TRIA Make Available Provision:
Issue Summary: Extending TRIA"
The Terrorism Risk Insurance Act (TRIA) expires at the end of 2005. However, the provision in TRIA which mandates that insurance companies “make available” terrorism insurance on the same terms and conditions as property and casualty insurance expires at the end of 2004. The Treasury Secretary has sole authority to extend this requirement for one year if he acts by September 1, 2004. Policyholders nationwide urge the Treasury Secretary to extend the provision in order to avoid economic slowdown and provide adequate economic protection against terrorism.
TRIA was enacted in 2002 because the private insurance marketplace was failing to provide adequate terrorism insurance coverage following 9/11. TRIA was designed to provide a bridge to a time when the private insurance markets functioned again. Following TRIA's enactment, terrorism insurance coverage became readily available, thus enabling billions of dollars of transactions previously stalled to go forward. The primary reasons TRIA successfully expanded terrorism insurance capacity are: 1) the program requires that the federal government share the risk of loss from terrorist attacks with the insurance industry; and, 2) the program requires that insurers offer terrorism insurance coverage to policyholders on the same terms and conditions as other property and casualty insurance ("make available provision").
Policyholders are now increasingly concerned that terrorism insurance will again become scarce because, even though the terrorism insurance program does not technically expire until December 31, 2005, there are several facts that could result in the program expiring in fact a year earlier than its statutorily prescribed termination date. First, the law now requires that all insurance companies doing business in the U.S. must offer terrorism insurance coverage on the same terms and conditions they offer property and casualty coverage. This provision is known as the "make available" provision. This "make available" requirement expires at the end of 2004. The Secretary of Treasury has the authority to extend the "make available" date for one additional year.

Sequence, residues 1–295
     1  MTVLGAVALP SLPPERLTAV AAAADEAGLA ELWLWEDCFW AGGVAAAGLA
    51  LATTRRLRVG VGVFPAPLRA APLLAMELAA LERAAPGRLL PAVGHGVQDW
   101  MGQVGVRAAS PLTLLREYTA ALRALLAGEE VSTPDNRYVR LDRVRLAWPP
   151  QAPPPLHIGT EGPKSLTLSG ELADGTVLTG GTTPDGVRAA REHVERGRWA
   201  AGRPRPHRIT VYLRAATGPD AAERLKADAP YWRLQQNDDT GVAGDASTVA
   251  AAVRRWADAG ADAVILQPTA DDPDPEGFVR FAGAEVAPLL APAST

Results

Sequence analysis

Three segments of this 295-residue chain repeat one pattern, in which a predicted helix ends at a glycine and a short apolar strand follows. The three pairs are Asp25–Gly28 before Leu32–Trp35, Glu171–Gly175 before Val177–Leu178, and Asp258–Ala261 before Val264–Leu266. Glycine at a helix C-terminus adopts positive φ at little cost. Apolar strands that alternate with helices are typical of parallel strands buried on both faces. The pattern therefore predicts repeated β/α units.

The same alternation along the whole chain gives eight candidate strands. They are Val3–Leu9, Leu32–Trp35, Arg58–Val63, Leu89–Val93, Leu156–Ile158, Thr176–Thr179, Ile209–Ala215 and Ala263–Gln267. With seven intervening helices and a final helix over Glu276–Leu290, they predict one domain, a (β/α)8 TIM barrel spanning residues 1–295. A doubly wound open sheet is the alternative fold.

At the same time, the law also has a provision that sets the amount of loss which an insurance company must absorb before the federal insurance backstop kicks in. This so-called "retention level" is set in law and was 7 percent of direct earned company premiums in 2003; 10 percent in 2004; and, increases to 15 percent in 2005.
TRIA was originally enacted as a temporary program to allow private terror insurance markets to stabilize and provide adequate capacity to meet the demand for coverage. Yet to date, there is little evidence that the private insurance markets have stabilized. Two examples of continuing private market failure are:
· There is no reinsurance available for the retained loss amounts held by private direct insurers, even though the potential loss is quantifiable as measured by the individual company retention amount.
· There is no terrorism insurance coverage being offered by private direct carriers for chemical, biological or radiological events even though the federal backstop would cover such losses if they were insured against.
Therefore, although the general terrorism insurance program remains in effect until 2006, the combination of these factors is causing policyholders to conclude that it will be increasingly difficult to obtain terrorism insurance coverage as early as later this year.
The Treasury Secretary should be urged to extend the “make available” date because the private insurance market has not yet stabilized. Inadequate availability of insurance coverage against terrorist attacks would leave the U.S. economy insecure.